UiB sets ambitious goals for student exchange

For the first time, the number of UiB students taking courses abroad has passed 30 per cent. Now the university wants to increase this number to more than 40 per cent.

International mobility
Emma Gerritsen

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In 2014, 31 percent of the students who received a degree at the University of Bergen (UiB) had attended an exchange programme during their period of study.

“We are very pleased to learn that we have achieved our goals, which were set in the plan for international activities 2011-2015,” says Vice Rector for International Affairs at UiB, Anne Christine Johannessen.

She explains that systematic work, both in the central administration at UiB and at the faculties, with information and procedures connected to exchange programmes, has been taking place. The aim being to increase the number of exchange students.

The University Board recently adopted UiB's strategy for the period 2016-2022.

According to this, at least 40 percent of the students should attend an exchangeprogramme as part of their degree.

“We want to be ambitious. Nonetheless, we believe that 40 percent is an appropriateand realistic number,” says Johannessen.


How to achieve greater participation

“To provide more students travelling out, we need help from leaders at all levels. Thelecturers must inform the students that it is important to participate in exchange programmes. It is also vital that the curriculum is organised so that students can take a semester abroad. Centrally at UiB, we make sure that we have exchange contracts with excellent universities around the world. My main task is to provide support to the academic environments, and ensure that the institution provides adequate support,” says the vice-rector.


Erasmus+ provides new opportunities

Another important contribution to the exchange possibilities is that Norway recently became a full member of the Erasmus+ programme. It is now also possible to cooperate with countries outside of Europe. Another new activity of Erasmus + is youth worker mobility for graduates, where students who have completed a degree can get support to go on an internship at a European workplace.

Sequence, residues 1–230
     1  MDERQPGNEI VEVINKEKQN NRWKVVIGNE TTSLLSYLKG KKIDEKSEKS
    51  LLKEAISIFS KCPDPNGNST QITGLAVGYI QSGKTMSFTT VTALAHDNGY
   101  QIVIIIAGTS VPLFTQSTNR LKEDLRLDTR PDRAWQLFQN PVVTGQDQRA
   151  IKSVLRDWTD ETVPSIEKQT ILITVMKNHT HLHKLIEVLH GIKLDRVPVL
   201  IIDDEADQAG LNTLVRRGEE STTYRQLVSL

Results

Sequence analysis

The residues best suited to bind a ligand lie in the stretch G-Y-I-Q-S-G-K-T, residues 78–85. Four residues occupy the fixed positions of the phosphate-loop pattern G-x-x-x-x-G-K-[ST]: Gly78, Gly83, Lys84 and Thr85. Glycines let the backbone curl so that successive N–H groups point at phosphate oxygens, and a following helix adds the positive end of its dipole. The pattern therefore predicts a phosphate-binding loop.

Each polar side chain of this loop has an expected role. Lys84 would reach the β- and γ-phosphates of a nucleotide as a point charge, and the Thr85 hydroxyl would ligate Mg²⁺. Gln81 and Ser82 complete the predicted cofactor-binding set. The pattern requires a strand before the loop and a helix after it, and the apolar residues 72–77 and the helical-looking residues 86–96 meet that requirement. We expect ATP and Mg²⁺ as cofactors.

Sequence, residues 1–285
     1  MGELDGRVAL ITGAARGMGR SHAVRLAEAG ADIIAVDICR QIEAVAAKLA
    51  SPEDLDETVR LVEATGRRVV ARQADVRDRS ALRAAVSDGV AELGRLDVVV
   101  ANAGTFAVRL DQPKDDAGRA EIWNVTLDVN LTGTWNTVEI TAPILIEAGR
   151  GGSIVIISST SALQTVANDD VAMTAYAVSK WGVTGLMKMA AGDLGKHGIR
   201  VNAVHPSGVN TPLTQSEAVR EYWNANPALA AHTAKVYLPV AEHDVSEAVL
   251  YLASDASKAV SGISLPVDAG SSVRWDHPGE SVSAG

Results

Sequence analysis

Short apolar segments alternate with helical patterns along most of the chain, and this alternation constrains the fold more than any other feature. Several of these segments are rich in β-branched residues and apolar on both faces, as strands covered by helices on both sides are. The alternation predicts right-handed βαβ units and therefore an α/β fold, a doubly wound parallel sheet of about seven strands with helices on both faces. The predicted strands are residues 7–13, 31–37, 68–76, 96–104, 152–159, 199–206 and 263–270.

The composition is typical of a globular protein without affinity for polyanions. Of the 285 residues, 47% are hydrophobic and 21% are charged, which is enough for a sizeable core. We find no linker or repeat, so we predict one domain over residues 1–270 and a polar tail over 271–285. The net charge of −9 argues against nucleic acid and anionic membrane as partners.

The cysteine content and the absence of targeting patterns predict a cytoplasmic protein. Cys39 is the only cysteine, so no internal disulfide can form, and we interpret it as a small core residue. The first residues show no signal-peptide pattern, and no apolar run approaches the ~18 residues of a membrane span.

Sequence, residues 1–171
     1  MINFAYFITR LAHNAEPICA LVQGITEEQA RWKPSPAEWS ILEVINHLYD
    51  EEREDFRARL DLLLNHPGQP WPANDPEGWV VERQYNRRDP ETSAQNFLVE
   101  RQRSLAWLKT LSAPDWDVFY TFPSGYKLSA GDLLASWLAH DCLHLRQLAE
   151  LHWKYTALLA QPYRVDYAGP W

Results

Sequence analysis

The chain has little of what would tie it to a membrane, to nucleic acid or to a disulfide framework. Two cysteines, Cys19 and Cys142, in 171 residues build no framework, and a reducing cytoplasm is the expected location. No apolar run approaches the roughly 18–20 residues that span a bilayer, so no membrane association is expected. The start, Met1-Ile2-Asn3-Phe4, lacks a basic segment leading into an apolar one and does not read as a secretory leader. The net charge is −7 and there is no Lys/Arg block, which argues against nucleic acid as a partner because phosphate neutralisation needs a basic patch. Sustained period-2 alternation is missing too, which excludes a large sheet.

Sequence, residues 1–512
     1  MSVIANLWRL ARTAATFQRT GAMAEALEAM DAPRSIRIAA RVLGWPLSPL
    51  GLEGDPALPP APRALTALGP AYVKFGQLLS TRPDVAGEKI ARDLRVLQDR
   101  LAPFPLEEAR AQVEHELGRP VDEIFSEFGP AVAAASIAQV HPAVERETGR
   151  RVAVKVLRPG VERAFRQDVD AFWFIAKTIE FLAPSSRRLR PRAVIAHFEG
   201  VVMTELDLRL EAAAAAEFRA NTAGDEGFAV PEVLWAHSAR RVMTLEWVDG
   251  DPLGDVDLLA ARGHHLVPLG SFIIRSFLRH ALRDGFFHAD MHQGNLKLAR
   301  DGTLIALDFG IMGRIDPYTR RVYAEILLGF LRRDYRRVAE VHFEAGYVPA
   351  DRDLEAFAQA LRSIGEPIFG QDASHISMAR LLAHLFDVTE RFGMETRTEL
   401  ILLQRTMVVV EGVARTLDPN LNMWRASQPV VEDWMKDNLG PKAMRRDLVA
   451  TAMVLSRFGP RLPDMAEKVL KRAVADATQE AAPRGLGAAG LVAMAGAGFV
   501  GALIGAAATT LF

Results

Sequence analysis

“This is an exciting field. Vocational studies such as medicine and ontology already have practice as part of their exchange programmes, but in many other studies this has not previously been an opportunity. It will be interesting to explore these options further,” says Johannessen.


40 per cent within reach

The proportion of students who study abroad as part of their studies vary greatly between disciplines and faculties. At the Faculty of Law over 50 per cent of the students go on exchange abroad. Johannessen believes this sets an example for the rest of the university.

“At the Faculty of Law, which is led by Dean Asbjørn Strandbakken, they actively focus on exchange. Scientifically speaking, there is no reason why this faculty should have higher numbers than the others,” says the vice-rector.

She believes that the target of 40 per cent is well within reach.

“We should not forget that our Minister of Education and Research recently stated that studies abroad should be the rule, not the exception, for all Norwegian students,” says Anne Christine Johannessen.

“There will always be someone who is unable to travel abroad. For them it is important that the education here at UiB is international. We can do this partly by facilitating the curriculum for international students and make sure that they are well integrated with the Norwegian students.”